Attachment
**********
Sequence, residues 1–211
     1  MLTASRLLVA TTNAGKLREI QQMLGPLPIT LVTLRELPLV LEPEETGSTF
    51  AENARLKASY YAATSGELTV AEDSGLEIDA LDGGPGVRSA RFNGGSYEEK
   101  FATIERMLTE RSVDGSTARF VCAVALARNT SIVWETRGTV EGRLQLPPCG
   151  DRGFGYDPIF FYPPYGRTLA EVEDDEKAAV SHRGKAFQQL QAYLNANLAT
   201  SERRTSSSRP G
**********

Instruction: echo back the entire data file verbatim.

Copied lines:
Sequence, residues 1–211
     1  MLTASRLLVA TTNAGKLREI QQMLGPLPIT LVTLRELPLV LEPEETGSTF
    51  AENARLKASY YAATSGELTV AEDSGLEIDA LDGGPGVRSA RFNGGSYEEK
   101  FATIERMLTE RSVDGSTARF VCAVALARNT SIVWETRGTV EGRLQLPPCG
   151  DRGFGYDPIF FYPPYGRTLA EVEDDEKAAV SHRGKAFQQL QAYLNANLAT
   201  SERRTSSSRP G